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HealthInfo Waitaha Canterbury


Whakamātaunga kōpiro

A colonoscopy is a procedure that lets healthcare providers see inside your large bowel (also called large intestine or colon).

In a colonoscopy, a healthcare provider passes a thin, flexible tube into your bottom and through to your large bowel. The tube is about the width of an index finger and has a tiny video camera at the end. The camera sends images to a screen so the healthcare provider can see inside your bowel. If necessary, the healthcare provider can also take small samples of tissue through the tube.

You do not have to have a general anaesthetic when you have a colonoscopy but you are usually given a sedative to relax you so you do not feel much discomfort. You can usually go home the same day.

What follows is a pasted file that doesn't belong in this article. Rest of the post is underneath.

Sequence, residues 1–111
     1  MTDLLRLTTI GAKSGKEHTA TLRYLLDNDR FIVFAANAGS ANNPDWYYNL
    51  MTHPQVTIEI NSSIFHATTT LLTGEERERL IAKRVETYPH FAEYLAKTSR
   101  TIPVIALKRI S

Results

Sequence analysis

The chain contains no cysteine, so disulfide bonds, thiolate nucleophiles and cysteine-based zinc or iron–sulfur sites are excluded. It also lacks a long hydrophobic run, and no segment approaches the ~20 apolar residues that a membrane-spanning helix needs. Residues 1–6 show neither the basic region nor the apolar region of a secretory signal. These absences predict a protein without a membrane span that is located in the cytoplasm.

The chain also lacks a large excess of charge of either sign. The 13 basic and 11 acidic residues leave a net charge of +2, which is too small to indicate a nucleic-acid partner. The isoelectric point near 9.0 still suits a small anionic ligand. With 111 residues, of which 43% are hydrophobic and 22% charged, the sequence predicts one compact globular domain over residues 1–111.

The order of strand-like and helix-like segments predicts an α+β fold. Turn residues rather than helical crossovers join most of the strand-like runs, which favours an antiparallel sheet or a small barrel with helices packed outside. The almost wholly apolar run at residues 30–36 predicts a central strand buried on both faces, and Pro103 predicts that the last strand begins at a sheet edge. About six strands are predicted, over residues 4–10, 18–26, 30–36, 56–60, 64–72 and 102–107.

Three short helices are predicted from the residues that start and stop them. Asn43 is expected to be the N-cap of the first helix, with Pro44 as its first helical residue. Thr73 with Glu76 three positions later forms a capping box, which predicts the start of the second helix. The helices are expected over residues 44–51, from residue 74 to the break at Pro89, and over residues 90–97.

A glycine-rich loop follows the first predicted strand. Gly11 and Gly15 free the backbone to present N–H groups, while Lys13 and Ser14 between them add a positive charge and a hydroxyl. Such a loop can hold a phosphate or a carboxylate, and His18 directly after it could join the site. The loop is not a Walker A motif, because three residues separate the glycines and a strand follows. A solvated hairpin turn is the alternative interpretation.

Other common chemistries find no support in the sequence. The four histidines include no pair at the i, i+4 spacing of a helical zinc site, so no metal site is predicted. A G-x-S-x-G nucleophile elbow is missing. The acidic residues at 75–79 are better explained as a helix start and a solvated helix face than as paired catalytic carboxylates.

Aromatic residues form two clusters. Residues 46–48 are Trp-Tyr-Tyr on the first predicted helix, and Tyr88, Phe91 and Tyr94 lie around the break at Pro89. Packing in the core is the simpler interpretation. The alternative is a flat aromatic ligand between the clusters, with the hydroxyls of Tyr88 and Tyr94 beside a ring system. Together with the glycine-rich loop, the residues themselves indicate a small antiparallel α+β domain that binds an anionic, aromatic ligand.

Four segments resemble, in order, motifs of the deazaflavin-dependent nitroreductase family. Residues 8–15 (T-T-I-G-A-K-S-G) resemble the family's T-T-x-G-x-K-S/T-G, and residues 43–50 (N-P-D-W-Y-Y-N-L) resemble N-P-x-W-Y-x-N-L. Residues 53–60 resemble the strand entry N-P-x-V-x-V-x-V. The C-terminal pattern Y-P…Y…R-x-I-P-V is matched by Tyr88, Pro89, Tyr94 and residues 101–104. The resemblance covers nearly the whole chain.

Your bowel needs to be completely empty before a colonoscopy. If you need a colonoscopy, you will be given information about preparing your bowel. This usually involves only eating certain foods and taking medicines that cause diarrhoea (laxatives) for a few days. It is important to follow the instructions closely so the doctors can see inside your bowel clearly.

The video at the top of this page shows you what to expect if you have a colonoscopy at Christchurch Hospital.

Some people may have a CT colonogram instead of a colonoscopy. Your doctor will tell you if you're going to have this procedure.

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Written by HealthInfo clinical advisers. Last reviewed May 2024.


See also:

Diabetes & endoscopy

Having an anaesthetic

Page reference: 20309

Review key: HICOL-20309